$300,000 the first year and $300,000 the second year are for a contract or contracts to be awarded on a competitive basis to conduct statewide surveys of Minnesota's sites of historical, archaeological, and cultural significance. Results of the surveys must be published in a searchable form and available to the public on a cost-free basis. The Minnesota Historical Society, the Office of the State Archaeologist, and the Indian Affairs Council shall each appoint a representative to an oversight board to select contractors and direct the conduct of the surveys. The oversight board shall consult with the Departments of Transportation and Natural Resources.

(5) Digital Library

$300,000 the first year and $300,000 the second year are for a digital library project to preserve, digitize, and share Minnesota images, documents, and historical materials. The Minnesota Historical Society shall cooperate with the Minitex interlibrary loan system and shall jointly share this appropriation for these purposes.

(6) Civil War Task Force

$25,000 the first year is to the Civil War Task Force for activities that commemorate the sesquicentennial of the American Civil War and the Dakota Conflict, as recommended by the Civil War Commemoration Task Force established in Executive Order 11-15 (2011).

(c) Civics Programs

$125,000 the first year and $125,000 the second year are for grants to Kids Voting St. Paul, Learning Law and Democracy Foundation, and YMCA Youth in Government, to conduct civics education programs for the civic and cultural development of Minnesota youth. Civic education is the study of constitutional principles and the democratic foundation of our national, state, and local institutions and the study of political processes and structures of government, grounded in the understanding of constitutional government under the rule of law.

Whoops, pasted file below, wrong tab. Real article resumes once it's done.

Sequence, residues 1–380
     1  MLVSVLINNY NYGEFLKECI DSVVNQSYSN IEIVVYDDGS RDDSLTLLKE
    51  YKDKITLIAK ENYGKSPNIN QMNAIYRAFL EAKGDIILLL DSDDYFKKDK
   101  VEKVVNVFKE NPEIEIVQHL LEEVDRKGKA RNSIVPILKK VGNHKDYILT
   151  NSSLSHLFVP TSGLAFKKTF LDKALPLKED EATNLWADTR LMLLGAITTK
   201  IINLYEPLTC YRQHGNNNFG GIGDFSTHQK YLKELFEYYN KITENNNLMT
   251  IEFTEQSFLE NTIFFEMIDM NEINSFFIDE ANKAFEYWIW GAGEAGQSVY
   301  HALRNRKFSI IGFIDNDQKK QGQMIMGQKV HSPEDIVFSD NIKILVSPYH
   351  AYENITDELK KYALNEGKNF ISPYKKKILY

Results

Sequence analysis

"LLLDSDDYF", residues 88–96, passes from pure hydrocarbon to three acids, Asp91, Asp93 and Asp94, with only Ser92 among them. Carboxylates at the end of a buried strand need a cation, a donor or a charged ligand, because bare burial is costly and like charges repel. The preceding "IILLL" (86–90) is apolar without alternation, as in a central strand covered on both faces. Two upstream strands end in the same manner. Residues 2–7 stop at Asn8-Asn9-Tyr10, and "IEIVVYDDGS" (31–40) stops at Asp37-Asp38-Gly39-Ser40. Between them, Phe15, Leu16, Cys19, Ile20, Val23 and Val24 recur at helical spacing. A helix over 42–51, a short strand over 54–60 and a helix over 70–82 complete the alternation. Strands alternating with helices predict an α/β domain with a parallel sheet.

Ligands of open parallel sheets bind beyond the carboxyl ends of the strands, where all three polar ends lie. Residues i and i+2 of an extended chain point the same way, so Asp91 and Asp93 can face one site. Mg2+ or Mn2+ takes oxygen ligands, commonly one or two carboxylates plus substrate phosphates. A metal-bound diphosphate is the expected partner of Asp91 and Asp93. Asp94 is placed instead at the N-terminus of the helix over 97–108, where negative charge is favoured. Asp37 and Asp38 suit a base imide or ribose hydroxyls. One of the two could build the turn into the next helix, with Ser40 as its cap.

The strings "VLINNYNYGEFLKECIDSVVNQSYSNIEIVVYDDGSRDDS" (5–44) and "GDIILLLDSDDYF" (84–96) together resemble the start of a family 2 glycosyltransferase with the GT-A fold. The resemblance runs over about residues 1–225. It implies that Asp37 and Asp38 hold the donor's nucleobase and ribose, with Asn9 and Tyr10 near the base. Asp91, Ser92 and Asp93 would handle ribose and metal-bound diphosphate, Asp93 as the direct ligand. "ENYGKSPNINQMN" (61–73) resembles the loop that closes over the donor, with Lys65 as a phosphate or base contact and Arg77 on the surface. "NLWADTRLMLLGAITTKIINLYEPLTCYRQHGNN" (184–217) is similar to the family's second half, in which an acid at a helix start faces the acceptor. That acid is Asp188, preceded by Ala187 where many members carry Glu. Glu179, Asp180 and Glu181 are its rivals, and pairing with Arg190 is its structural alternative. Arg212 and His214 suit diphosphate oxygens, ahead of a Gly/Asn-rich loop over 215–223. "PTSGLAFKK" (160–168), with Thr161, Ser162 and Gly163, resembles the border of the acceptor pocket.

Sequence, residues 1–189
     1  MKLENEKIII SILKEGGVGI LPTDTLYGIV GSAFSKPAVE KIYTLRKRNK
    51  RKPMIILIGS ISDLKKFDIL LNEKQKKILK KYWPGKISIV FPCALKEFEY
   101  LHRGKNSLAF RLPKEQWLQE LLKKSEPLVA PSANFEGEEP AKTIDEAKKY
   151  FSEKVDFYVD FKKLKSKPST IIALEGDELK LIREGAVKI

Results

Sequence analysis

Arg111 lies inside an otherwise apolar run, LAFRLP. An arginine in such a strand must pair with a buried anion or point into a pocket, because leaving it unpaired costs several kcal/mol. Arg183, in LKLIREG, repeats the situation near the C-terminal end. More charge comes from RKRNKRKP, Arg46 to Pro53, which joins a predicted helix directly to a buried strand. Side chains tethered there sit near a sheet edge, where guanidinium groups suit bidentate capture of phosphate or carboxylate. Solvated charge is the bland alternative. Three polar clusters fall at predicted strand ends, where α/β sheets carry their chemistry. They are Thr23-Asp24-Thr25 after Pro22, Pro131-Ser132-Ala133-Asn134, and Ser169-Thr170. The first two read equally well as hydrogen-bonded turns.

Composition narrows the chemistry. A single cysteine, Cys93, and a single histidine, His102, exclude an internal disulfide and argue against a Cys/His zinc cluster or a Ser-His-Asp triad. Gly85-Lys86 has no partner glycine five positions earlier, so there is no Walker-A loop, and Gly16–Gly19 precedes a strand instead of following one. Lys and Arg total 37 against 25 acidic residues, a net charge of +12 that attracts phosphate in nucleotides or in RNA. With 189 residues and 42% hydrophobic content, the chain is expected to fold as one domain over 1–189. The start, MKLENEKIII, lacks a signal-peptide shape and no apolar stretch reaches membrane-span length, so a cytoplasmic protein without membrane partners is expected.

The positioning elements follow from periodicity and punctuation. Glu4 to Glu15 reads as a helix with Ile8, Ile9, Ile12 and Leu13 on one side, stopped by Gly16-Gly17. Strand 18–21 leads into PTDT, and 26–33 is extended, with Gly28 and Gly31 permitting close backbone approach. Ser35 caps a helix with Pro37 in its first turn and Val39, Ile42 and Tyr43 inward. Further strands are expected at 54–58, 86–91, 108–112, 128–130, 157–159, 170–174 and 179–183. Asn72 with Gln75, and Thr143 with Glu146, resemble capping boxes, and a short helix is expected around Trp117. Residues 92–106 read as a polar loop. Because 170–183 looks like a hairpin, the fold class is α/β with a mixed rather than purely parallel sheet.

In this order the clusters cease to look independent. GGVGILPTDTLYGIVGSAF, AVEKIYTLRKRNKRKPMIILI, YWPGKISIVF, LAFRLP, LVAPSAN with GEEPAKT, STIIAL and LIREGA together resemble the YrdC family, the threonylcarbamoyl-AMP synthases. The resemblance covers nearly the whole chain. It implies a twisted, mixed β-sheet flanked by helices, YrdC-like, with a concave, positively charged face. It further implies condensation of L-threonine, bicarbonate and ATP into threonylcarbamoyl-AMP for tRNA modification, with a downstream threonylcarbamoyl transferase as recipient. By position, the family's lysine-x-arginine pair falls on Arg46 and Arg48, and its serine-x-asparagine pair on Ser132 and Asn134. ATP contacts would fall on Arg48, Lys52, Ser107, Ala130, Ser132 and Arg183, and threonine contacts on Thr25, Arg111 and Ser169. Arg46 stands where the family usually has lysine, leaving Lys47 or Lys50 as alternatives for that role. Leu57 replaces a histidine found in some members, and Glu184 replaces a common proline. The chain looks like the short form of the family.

Subd. 6.

Department of Administration

9,605,000 8,925,000

(a) These amounts are appropriated to the commissioner of administration for grants to the named organizations for the purposes specified in this subdivision. Up to one percent of funds may be used by the commissioner for grants administration.

(b) Grant agreements entered into by the commissioner and recipients of appropriations in this subdivision must ensure that money appropriated in this subdivision is used to supplement and not substitute for traditional sources of funding.

(c) Minnesota Public Radio

$1,500,000 the first year and $1,500,000 the second year are for Minnesota Public Radio to create programming and expand news service on Minnesota's cultural heritage and history.

(d) Association of Minnesota Public Educational Radio Stations